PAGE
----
Cultural Appropriation, Appreciation and Exchange…What does it all mean?

by MSC Student Life Intern, Daisy

As a person of color and an aspiring fashion designer I get asked a lot about cultural appropriation in everyday life, Halloween, and in fashion. Cultural appropriation can be very confusing, especially when trying to distinguish it from cultural exchange and appreciation.

To start of lets define some terms:

As a Mexican American, I have seen people paint their faces as sugar skulls and wear sombreros and ponchos on Halloween while yelling out “I’m Illegal, deport me!” While these may be very obvious and blatantly racist and disrespectful forms of cultural appropriation, other forms of cultural appropriation are not as easy for people to identify and understand.


Cultural appropriation is harmful because it perpetuates stereotypes, exercises modern day imperialism by treating other cultures as something that can be taken and commoditized, exotifies cultures, disrespects and steals from minority and marginalized groups.

A helpful way to look at this may be to call it social plagiarism. We all know that it is not okay to take something that is not yours when it comes to academia. Why should it be any different when it comes to cultures? It is important to do your research and credit where something comes from.

I often get questioned on why it is okay for people to wear French berets as a fashion statement and not a Native Headdress to a music festival or a Mexican sombrero to a drinking party. Or why is it okay for people of color to wear jeans and suits but not okay for people of privilege to sport box braids and “ghetto fab” clothing.

Cultural appropriation involves a dominant majority culture taking something from a marginalized group. This often has a double standard attached to it as well; for example how is it that when someone of privilege sports dreadlocks or gelled down baby hairs because they think it is cool are viewed as edgy and hip whereas someone part of the culture is be seen as “ghetto” or unprofessional.

It is also important to realize that in many cases of cultural appropriation all that is stolen is the pretty and aesthetically pleasing aspects of it. For example, when someone wears a geisha costume (like Katy Perry in her 2013 AMA performance) and uses it as a costume or prop, all cultural significance and meaning is stripped away. But it is so beautiful, what is wrong with appreciating its beauty and wanting to wear it? The problem here is that while Katy Perry may look beautiful, at the end of the day, she gets to take off the costume and does not have to deal with the stereotype and exoticism she just reinforced.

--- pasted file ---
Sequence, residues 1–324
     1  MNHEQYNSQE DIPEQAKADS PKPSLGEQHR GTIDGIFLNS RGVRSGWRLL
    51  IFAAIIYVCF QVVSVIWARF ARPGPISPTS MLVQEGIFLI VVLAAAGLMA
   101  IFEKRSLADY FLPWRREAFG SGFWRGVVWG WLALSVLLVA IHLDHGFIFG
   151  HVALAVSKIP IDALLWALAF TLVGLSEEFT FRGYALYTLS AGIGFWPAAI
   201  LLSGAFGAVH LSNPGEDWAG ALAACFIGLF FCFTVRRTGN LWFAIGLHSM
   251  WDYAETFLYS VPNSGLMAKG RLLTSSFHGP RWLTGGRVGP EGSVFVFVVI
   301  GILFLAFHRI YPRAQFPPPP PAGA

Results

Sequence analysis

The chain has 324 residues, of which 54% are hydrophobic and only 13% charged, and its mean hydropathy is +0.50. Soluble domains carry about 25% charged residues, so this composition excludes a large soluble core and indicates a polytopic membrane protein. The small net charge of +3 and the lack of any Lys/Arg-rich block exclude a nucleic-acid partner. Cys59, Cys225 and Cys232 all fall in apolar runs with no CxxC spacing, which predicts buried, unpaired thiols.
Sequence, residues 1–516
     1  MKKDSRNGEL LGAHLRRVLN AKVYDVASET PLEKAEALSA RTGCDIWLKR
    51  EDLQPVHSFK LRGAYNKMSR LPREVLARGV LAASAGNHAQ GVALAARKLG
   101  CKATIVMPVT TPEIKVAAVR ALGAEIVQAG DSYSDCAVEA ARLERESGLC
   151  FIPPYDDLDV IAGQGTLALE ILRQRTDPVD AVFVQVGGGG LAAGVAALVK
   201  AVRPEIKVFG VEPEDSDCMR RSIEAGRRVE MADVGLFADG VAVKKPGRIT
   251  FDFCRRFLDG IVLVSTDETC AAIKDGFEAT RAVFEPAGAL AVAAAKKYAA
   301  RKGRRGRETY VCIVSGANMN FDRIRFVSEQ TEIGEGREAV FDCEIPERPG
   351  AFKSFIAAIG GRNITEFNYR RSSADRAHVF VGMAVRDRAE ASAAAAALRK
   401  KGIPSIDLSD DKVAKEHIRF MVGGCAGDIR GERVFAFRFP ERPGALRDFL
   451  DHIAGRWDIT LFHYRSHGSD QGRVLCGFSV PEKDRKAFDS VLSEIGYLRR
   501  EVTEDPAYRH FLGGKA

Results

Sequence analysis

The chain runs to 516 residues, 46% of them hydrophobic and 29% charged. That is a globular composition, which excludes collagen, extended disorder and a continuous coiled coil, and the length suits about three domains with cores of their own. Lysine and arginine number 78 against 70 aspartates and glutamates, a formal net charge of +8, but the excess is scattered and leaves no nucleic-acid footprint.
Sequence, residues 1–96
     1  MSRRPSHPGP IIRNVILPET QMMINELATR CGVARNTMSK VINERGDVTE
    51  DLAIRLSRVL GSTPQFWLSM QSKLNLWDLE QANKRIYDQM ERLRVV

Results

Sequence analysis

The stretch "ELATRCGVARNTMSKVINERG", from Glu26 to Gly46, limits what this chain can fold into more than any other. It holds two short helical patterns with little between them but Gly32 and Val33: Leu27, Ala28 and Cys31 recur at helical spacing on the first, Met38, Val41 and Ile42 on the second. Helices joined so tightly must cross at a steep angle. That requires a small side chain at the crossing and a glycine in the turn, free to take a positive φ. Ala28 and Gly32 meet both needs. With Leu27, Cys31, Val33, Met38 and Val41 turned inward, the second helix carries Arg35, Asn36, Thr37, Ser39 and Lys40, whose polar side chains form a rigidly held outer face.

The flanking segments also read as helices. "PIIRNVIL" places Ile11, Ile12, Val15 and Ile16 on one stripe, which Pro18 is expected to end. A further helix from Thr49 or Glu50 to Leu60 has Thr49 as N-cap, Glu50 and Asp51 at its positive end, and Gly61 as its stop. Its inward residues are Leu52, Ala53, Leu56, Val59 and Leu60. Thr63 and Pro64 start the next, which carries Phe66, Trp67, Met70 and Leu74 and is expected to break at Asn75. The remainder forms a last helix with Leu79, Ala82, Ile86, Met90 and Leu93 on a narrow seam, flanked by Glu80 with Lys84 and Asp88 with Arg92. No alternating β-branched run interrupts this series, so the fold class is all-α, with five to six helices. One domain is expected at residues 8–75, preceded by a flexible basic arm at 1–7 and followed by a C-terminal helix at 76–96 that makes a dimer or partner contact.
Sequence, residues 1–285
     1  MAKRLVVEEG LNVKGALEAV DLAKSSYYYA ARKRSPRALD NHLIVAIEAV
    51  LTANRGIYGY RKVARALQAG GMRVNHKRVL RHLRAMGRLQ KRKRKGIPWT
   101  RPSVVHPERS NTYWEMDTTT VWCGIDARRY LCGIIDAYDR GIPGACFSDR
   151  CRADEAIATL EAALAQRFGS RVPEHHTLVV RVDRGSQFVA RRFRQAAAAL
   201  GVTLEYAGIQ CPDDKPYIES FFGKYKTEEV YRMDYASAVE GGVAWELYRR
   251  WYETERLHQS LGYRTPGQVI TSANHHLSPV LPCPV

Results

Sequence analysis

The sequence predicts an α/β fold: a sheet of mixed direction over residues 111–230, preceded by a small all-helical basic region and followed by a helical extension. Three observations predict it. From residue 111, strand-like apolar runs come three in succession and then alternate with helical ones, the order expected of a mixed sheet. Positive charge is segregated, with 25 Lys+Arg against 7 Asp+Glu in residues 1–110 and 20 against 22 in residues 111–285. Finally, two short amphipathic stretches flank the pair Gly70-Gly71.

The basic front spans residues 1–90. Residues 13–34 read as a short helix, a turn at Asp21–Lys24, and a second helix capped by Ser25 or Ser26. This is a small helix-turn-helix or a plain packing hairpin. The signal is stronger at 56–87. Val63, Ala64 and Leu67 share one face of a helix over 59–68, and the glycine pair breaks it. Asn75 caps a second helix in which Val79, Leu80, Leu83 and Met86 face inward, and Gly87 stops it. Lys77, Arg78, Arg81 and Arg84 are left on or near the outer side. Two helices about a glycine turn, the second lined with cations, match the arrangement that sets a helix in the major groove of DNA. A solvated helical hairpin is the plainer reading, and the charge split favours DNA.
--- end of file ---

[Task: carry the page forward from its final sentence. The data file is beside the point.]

click the image to read more about Katy Perry’s culturally appropriative VMA’s performance.

A culture is not a prop, it is not something to be taken and altered for your pleasure, it is not something to wear for personal expression because you think it is cool, it is not a fashion statement.

For more literature on understanding cultural appropriation read this zine, Cultural Appreciation or Cultural Appropriation

Happy Halloween!

Planning creative costumes for Halloween can be tough. As a college student, you might find that your funds can’t stand putting down $40-$60 on a costume from the stores and the last thing you want to do is be that person who utilizes every fluorescent colored article of clothing to be an 80’s icon–AGAIN. You also might find that some of the costumes that you see on the street are highly offensive cultural appropriations, such as those who dress up as “Indians”, “Geishas”, or trying to or even put on black face to be their “favorite hip hop rapper.”

On the opposite end, where are the cool costumes inspired by social justice activists across different movements? For our awesome student activists, here are some historical leaders to aspire towards this Halloween. You can quickly create some iconic looks using your own closet (or retrofitted goodies!) for an economically and socially sound Halloween.

*Note: This is a very, very brief list that is not representative of all identities! We invite you to share with us your Halloween costumes inspired by the incredible men, women, and genderqueer activists of color who are doing work in different movements. 

America Ferrera as Dolores Huerta

Dolores Huerta: Labor leader and civil rights activist co-founded the National Farmworkers Association (now United Farm Workers) alongside César Chávez.

What you need: High-waisted jeans, an old pull over sweater, button down shirt to tie at the waist, combat boots

Shirley Chisholm

Shirley Chisholm: Politician, educator, author, and Congresswoman representing New York’s 12th Congressional District for seven terms!!

What you need: Patterned button down blouse, big framed glasses, business skirt, big chunky earrings

Amelia Earhart

Amelia Earhart: First person to fly across the Atlantic solo!

What you need: leather jacket, white scarf (or patterned silk scarf tied in a bow around your neck), jeans or a romper, aviator sunglasses

Ida B. Wells

Ida B. Wells19th century anti-lynching activist, journalist, teacher, women’s rights activist, and co-founder of the NAACP.

What you need: maxi skirt, blouse with frilly collar, a brooch, large over-the-top hat, and a newspaper

Frida Kahlo

Frida Kahlo: Mexican painter best known for her self-portraits. Her work has been “celebrated in Mexico as emblematic of national and indigenous tradition, and by feminists for its uncompromising depiction of the female experience and form.”

What you need: floral hair accessories, red shawl, white lacy top, big and colorful jewelry, black eyeliner

Have a safe and fun Halloween! Eat lots of candy (and we know you are, because our MSC candy bowl is running low today 🙂

Written and compiled with the help of Barbara Gonzalez, MSC Greek Affairs Specialist Intern